At around 3 months of age, babies can see most colors and are interested in looking at a book just like a toy. Bright colors against a contrasting background (especially white) attract their attention. Throw in a good dose of rhythm, rhyme and beat and you will fascinate them with your reading. Here are a few of my favorites to start out your library:
Brown Bear, Brown Bear, What Do You See? And Polar Bear, Polar Bear, What Do You Hear? By Bill Martin Jr and Eric Carle. I haven’t met a 3 month old who hasn’t listened intently to these stories, examining the bright colorful collages of each animal as I flipped the page.
Peek-a-Moo by Marie Torres Cimarusti. This big peek-a-boo book reveals the sound and inviting face of each barnyard animal as you turn down the flap.
Butterfly Kisses by Sandra Magsamen. The simple text and pictures grab your baby’s attention as bees buzz, birds sing and monkeys play. But, keep your eyes and ears open for a surprise visit by the butterfly finger puppet delivering a kiss and perhaps a tickle.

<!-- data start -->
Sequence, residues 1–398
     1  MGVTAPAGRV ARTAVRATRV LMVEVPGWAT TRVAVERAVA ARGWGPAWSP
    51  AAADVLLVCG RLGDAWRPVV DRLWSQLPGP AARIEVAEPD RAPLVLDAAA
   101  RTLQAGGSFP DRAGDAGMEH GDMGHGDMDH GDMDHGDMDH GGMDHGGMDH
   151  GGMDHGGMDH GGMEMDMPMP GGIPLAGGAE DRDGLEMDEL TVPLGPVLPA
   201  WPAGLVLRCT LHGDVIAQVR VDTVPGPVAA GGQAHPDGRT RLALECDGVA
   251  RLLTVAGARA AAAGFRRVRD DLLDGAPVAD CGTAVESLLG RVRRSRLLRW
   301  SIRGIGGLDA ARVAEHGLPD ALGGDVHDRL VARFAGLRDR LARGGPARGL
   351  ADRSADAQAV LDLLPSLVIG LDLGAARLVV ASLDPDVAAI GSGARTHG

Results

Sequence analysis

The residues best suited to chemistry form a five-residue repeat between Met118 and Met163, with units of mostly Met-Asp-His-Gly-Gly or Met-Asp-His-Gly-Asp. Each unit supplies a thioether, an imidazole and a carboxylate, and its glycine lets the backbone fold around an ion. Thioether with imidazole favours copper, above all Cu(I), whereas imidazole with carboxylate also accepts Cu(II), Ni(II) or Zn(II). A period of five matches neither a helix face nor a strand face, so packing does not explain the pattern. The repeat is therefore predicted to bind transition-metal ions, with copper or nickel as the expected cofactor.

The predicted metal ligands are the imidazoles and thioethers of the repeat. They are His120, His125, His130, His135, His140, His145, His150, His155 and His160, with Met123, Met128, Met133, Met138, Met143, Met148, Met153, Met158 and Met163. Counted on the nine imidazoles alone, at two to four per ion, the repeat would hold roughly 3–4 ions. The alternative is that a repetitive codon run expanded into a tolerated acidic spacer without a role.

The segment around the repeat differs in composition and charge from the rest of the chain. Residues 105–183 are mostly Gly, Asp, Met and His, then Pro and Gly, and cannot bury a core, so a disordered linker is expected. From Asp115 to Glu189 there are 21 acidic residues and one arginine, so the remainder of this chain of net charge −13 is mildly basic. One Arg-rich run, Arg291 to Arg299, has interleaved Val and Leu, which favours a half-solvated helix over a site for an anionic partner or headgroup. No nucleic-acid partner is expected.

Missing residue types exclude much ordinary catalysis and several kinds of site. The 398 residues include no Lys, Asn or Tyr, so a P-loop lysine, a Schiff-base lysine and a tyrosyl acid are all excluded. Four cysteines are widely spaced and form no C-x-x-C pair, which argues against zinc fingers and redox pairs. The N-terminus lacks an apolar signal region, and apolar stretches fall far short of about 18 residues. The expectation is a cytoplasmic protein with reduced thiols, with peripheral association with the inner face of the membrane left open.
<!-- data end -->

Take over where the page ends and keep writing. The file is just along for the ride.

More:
Guess How Much I Love You by Sam McBratney. This is a wonderful bedtime tale of a little one and his parent declaring the immensity of their love for one another. The endearing illustrations tell the story too.
Twinkle, Twinkle, Little Star by Rosemary Wells. Sing the lines of this nursery rhyme as you page through the heart-warming illustrations of a little bunny preparing for bed—bathing, getting on pajamas, having some warm milk and even gazing at the stars before hopping in bed.
Baby Talk by DK. We know that babies like to look at baby faces so play peek-a-boo with this book, revealing darling wee ones narrating the action with “yum, yum,” “hee, hee,” and “boo hoo.”
Moo, Baa, La La La by Sandra Boynton. Things are going well when the cow says “moo” and the sheep says “baa” but who said pigs can sing “la la la?” Sandra Boynton’s books have all the requisite beat, rhythm and rhyme to keep your baby’s interest.
Fuzzy Bee and Friends by Priddy Books. Here’s a soft book with lots of textures, wings to flip and legs to crawl. The text has some spunk too.